ORONO — Two photographs of Jovan Belcher — a big one in color and a smaller one in black and white — hang in the narrow hallway between the football locker room and the coaches’ offices at the University of Maine.

Around the corner and down a few more hallways, behind the door to the weight room, Matt King, Maine’s assistant strength and conditioning coach, sat on a green exercise ball Saturday and sighed.

“He was like a brother to me,” said King, who wore a black jacket, black knitted cap, and an expression of mingled sorrow and regret.

A little more than three years after Belcher left campus with a degree in child development and family relations, and an illustrious football career that included co-captaincy, conference player of the year and All-America honors, he was in the news again.

According to reports out of Kansas City, Mo., where Belcher played linebacker for the NFL Chiefs, he was in the middle of a murder-suicide Saturday morning. The 25-year-old Belcher fatally shot his girlfriend, Kasandra Perkins, then drove to the Chiefs’ team complex. After thanking General Manager Scott Pioli and Coach Romeo Crennel for believing in him, Belcher turned the gun on himself.

“I feel sorry for all parties involved,” King said, “especially his recently born daughter.”

The couple’s daughter, Zoey, was born in early September, an occasion that prompted a congratulatory call from his old college coach, Jack Cosgrove.

“The Jovan that I know from his time in Orono was at the other end of the phone,” said Cosgrove, who spoke in front of the cameras and microphones Saturday afternoon, pausing occasionally to harness his emotions after choking up.

That young man, Cosgrove said, came to Maine from West Babylon, N.Y., where he was being recruited out of high school not for football but for wrestling.

“He’s truly one of the great stories in the program’s history,” Cosgrove said. “I’m hard-pressed to find or recall a young man who had more” — he stopped to take a breath before continuing — “of an impact in a positive way on his teammates and this football family in my time here.”

In addition to his success in football, Belcher earned his degree in 31/2 years. He also volunteered in the Big Brothers Big Sisters program and, as sadly ironic as it is now, took part in domestic violence awareness events.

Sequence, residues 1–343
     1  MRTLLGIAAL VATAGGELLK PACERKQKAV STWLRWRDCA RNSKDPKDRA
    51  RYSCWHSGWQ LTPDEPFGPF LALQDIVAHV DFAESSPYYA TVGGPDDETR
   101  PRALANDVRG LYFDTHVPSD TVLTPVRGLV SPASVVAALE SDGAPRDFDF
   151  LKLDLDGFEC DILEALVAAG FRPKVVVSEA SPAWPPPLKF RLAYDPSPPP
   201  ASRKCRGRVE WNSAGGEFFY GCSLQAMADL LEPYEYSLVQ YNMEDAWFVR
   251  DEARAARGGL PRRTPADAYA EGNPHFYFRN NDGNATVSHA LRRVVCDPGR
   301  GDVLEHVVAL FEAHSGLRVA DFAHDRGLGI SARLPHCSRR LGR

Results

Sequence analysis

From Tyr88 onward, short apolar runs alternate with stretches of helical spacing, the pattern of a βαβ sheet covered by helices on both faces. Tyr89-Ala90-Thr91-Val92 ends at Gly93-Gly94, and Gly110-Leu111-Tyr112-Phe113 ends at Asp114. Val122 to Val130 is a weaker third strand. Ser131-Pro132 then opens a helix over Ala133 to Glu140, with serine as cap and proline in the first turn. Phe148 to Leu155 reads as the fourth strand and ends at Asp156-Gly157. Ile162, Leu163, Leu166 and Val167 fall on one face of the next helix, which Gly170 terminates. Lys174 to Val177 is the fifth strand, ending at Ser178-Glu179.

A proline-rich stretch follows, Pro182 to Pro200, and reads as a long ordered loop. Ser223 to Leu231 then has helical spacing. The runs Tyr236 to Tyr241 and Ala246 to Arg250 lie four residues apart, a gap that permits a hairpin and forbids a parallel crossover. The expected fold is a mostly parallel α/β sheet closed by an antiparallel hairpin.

Both Orono police and university police said Belcher had no history of criminal conduct while on campus.

His death, along with his taking the life of the mother of his daughter, left his old Orono community in a state of shock and mourning. Former players reached out all day to Cosgrove, who spoke with current players at a team meeting in the late afternoon.

Both Cosgrove and King made a point of expressing their condolences to the family of Perkins, the mother.

“I’m hoping that both families can come to peace with it, come to terms with it,” King said, “and that his daughter is taken care of.”

During Belcher’s campus visit, he stayed with King, a 2007 graduate who later became his mentor and, in what has become an honored tradition within the team, bequeathed his jersey number, 9, to the man who would succeed him at a hybrid linebacker position that requires the versatility to cover speedy receivers as well as muscle past hulking linemen.

Belcher passed on that number to current assistant coach Jordan Stevens, a Mt. Blue High graduate from Farmington, and Stevens gave it to Doug Alston, a fifth-year senior.

“He was a passionate guy,” King said from the quiet of the empty weight room. “Jovan was the type of person who would put 100 percent into everything he did.”

Belcher became known, King said, as “a high-motor guy” on the field and off. He gave back to the community. He was involved in the classroom. He finished everything he started.

“He was a good friend, a good teammate,” King said.

“It’s just a sad situation for everyone involved.”

Staff Writer Glenn Jordan can be contacted at 791-6425 or at:

[email protected]

Twitter: GlennJordanPPH

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